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well, i would first start with some of the 'anarchist' writers like kropotkin, bookchin, and even the old catholic worker peter maurin and his companion dorothy day.  i will explain more later.  but i think beyond ecological destruction, serious maldistribution of wealth we can focus on issues around technological organization of our society, a la ellul.  and to how society lives and breathes in its own image someone like guy debord.  first; we must understand who and what we are and then dialogue about how and what can be done.  and that takes much (prayer and reflection!) to know let alone understand.  that is where someone like thomas merton and thomas berry enter into the fray.  just food for thought and hopefully dialogue.  pq

Date: Sun, 15 May 2011 21:38:58 -0400
From: [log in to unmask]
Subject: Re: socialism in other countries
To: [log in to unmask]



Hi Paul,


Well if there's a social system NOT called "socialism" and
that's not based on private ownership for profit of production, that
could be interesting -- but I don't know of any. Do you?


If not, that's why ecosocialism -- is very much worth discussing, I
reckon.


Mitchel


At 09:26 PM 5/15/2011, Paul Quinlan wrote:


why are all of you it seems
carrying on arguments about socialism that died long ago?  can you
look into alternative ways of understanding and developing technology,
community development, and education.  otherwise; it seems you are
just talking to yourselves.  and that is a dialogue which can get
boring and self referencing after a while.  reach out and talk to
people about their concerns.  why is our social system so riddled
with problems of addiction, unhappiness, and violence?  those are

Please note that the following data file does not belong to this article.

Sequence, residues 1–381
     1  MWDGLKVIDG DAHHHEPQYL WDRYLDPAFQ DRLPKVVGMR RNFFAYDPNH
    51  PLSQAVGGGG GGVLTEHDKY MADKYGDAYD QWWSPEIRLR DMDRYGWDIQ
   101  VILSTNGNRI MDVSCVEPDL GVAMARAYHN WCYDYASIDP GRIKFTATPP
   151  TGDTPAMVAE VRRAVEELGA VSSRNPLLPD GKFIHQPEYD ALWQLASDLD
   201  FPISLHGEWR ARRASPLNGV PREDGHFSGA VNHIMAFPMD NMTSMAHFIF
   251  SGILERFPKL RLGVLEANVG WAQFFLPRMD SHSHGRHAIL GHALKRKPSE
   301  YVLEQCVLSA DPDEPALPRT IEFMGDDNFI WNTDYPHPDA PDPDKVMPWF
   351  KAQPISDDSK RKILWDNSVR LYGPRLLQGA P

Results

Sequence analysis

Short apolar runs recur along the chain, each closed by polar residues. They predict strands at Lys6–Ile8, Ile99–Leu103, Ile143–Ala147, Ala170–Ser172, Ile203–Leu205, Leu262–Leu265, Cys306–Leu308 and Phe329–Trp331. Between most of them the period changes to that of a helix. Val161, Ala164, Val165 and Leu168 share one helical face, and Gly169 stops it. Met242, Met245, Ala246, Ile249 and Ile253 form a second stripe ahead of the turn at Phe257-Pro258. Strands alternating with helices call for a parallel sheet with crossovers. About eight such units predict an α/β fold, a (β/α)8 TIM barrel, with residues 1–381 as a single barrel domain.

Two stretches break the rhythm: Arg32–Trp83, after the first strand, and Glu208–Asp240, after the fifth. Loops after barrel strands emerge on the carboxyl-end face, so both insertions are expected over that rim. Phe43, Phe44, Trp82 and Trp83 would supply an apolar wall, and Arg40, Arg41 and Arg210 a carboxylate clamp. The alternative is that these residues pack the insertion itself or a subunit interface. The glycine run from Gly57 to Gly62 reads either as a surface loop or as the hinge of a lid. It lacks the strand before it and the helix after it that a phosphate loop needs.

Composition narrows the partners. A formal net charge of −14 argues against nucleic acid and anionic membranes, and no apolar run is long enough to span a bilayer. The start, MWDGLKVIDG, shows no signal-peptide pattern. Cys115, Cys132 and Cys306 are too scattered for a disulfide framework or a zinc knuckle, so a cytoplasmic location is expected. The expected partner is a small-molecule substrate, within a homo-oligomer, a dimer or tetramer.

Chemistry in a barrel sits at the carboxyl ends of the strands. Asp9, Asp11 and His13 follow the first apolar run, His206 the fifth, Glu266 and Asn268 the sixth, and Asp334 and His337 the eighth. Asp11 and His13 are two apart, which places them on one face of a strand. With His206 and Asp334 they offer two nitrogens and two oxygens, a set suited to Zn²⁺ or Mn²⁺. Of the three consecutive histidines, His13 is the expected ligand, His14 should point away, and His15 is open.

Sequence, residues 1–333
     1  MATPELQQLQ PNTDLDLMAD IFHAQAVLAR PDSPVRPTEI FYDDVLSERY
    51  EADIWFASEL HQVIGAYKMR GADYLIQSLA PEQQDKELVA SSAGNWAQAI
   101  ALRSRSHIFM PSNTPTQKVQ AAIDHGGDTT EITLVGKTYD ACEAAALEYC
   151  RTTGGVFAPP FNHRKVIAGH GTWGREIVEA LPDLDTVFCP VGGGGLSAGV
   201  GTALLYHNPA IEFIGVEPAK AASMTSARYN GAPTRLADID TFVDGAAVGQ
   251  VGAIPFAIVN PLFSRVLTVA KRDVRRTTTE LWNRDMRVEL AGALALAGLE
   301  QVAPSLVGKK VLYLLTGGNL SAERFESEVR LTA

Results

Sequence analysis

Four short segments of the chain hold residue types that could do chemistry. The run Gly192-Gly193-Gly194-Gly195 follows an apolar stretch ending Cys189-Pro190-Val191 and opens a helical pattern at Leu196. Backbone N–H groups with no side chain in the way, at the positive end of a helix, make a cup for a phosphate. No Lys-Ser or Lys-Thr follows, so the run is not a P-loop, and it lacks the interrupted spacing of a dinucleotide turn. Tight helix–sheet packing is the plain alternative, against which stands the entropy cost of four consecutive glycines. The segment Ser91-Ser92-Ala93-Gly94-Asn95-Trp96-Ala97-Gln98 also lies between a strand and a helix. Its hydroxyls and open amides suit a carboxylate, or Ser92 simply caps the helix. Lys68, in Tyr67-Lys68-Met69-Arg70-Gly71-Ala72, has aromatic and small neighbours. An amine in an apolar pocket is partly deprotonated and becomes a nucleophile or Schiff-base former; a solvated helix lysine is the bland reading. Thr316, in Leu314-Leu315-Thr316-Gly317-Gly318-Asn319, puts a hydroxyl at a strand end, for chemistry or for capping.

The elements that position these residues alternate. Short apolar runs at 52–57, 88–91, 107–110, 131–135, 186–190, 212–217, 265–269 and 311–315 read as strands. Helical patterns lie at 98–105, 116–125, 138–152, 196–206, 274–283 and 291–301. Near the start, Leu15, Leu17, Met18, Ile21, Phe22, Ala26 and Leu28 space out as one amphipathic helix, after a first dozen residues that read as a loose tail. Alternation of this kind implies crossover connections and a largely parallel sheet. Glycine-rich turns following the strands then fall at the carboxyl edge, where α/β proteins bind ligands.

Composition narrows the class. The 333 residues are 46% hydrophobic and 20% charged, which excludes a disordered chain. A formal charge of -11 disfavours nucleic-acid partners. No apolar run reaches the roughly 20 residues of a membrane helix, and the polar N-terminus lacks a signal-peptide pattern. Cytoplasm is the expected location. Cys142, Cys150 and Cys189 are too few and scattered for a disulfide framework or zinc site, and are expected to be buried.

the problems people face in the streets of our world today no matter
where they may live.  from the ghetto to the gated communities;
first world to third world.  paul quinlan


Date: Sun, 15 May 2011 16:19:15 +0200

From: [log in to unmask]

Subject: Re: socialism in other countries

To: [log in to unmask]


I will leave it to other list members to enter this discussion if they
like, but want to follow up on just one point David raises: Whether
non-socialist parties should be allowed. The problem here is that someone
has to decide whether such parties are indeed non-socialist or not. Did
not Stalin brand all Trotskyist parties and individuals as
counter-revolutionary, and have not most Communist parties in the world
followed suit even after Stalin's death?


This is what bothers me and many other people. Even if one could justify
suppressing a party that is openly capitalist, can one ever justify
banning a party that claims to be socialist, whether or not the majority
agree that it is? It's just so easy for Communists to call people they
don't agree with counter-revolutionary, to put them in jail, and to kill
them. I doubt that many people in the world will ever again be persuaded
to give them that power.


MB


On Sun, May 15, 2011 at 4:12 PM, David Westman
<[log in to unmask]>
wrote:



Mr. Balter asks me whether multiple socialist parties should be
allowed in true anti-revisionist socialist societies, but he does not ask
whether non-socialist parties should be allowed.    I
detect in this the realization that he understands the possibility of
counter-revolution and recognizes the need to guard against
it.     I think that this issue has not yet been
worked out and I cannot give a definite answer.    I think
that the working class would be stronger if the vast majority is united
behind one single party, but if it becomes fragmented into several
parties, that would be a weakness that must be overcome by non-coercive,
democratic means.    Democracy is a way of reaching a
decision, and a decision means that consensus is recognized at some point